How to find a great shared accommodation, Part Two

- by Tom Zhang

Step #1 – Complete the Room hunting MUST-list.

Time to find a room? Let’s google it, and find a few close to my budget, jot down the #, call or text the landlord, booking viewings, check them out, and decide. simple!

It sounds simple, even dumb. Believe me, you will be amazed to learn what is the percentage of the people who never ever sit down and write down anything at all, with the thought that it is trivial or does not matter.

Why bother, it is just a room, right? Think again. It is not just a room, it is a place where you will be spending on average half of your daily life to rest, eat, and hang-around, you will be with some people who you have never ever meet in your whole life and all of sudden they are your roommates, and you will be experience something that you may never, ever done before in your life so far. With this much is at stake, now  it appears obvious that why this room shall be treated with all your attention seriously.

Believe it or not, this step is likely one of the most important things you learned from this guide that will truly change your odds of success, that will separate you from the herds. Here is why:

Firstly, by written down the must-list, you will be well prepared for incredible distraction and noises in the market.

With a clear picture/focus on what you truly need, instead of being distracted by thousands of ads, which could waste time in a big way when one drifts around the forest of ads aimlessly, and led into dark water that one should run away, now you only pay attention to the ones that meet your must list, the ones truy matter.

Secondly, it’s the final go-to point when it is time to make decision of the finalists. This helps you in a big way in swift decision making, knowing firmly that you make the call based on what your needs, musts and wants, not the others.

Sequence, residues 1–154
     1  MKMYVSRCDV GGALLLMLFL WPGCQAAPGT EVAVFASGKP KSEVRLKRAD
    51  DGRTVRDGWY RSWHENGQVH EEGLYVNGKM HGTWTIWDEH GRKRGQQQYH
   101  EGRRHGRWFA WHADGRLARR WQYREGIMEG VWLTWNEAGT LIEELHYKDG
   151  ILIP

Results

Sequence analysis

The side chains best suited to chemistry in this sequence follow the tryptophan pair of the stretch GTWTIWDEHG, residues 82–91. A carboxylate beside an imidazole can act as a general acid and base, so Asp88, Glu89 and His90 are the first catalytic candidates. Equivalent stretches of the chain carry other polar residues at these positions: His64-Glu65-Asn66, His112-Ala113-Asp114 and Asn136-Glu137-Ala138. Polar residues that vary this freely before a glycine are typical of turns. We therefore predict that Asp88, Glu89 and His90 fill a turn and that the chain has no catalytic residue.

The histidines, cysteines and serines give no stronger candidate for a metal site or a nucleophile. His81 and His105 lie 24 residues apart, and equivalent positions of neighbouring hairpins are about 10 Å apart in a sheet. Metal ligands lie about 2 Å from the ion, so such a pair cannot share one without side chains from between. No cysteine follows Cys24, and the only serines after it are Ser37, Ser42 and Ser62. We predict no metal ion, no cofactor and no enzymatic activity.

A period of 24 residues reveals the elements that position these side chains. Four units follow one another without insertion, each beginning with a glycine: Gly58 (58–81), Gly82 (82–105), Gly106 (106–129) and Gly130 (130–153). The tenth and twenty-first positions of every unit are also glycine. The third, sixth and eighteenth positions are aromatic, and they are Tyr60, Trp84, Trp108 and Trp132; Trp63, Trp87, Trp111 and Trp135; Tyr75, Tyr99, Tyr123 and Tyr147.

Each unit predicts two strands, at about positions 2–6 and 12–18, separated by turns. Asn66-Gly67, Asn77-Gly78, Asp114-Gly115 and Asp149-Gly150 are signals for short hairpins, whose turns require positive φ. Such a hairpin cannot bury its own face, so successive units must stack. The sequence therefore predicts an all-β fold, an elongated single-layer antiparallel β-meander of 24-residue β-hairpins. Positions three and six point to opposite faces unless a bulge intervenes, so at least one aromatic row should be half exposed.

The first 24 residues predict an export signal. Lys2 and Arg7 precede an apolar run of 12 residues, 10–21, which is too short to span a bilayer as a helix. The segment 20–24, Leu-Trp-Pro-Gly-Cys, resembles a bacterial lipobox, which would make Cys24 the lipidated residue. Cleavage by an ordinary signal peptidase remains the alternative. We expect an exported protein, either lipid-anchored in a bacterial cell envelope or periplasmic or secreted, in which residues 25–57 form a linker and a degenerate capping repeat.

Last but not least, it will eventually guard your peace in mind and true happiness in the long-term. A truly thoughtful must-list should have the items not just for the current immediate need, but long term factors such as what kind of roommates you are going to be with. The truth is, if you don’t WRITE it down, it will not be there for you when you need it.

So now you see the importance of writing down your must list, below are 2-steps to create your MUST-LIST and the key factors to consider when you create it.

  1. Find a quiet place and set a time of 20 -30 mins so that you can be focused with no distraction.
  2. Write down (on paper or electronically) 3-5 so called must on your list. Focus 100% of what you need, do not worry if it is realistic or not, we can always come back add or reduce the list to match the changing situation.

Here is the list for your reference that may be considered to be in your must-list

--- 01, Budget or your Total Rents----

 

  1. it must includes ALL the foreseeable costs, including rents, furnished, utilities, wi-fi, transportation, parking, etc. Come up with a REAL number. Depending on your financial situation, you may relax or tie up the number with some margin before you finalize it. This should be the Maximum number that you are comfortable to afford and MUST to be stick on. Anything more than that – don’t even bother.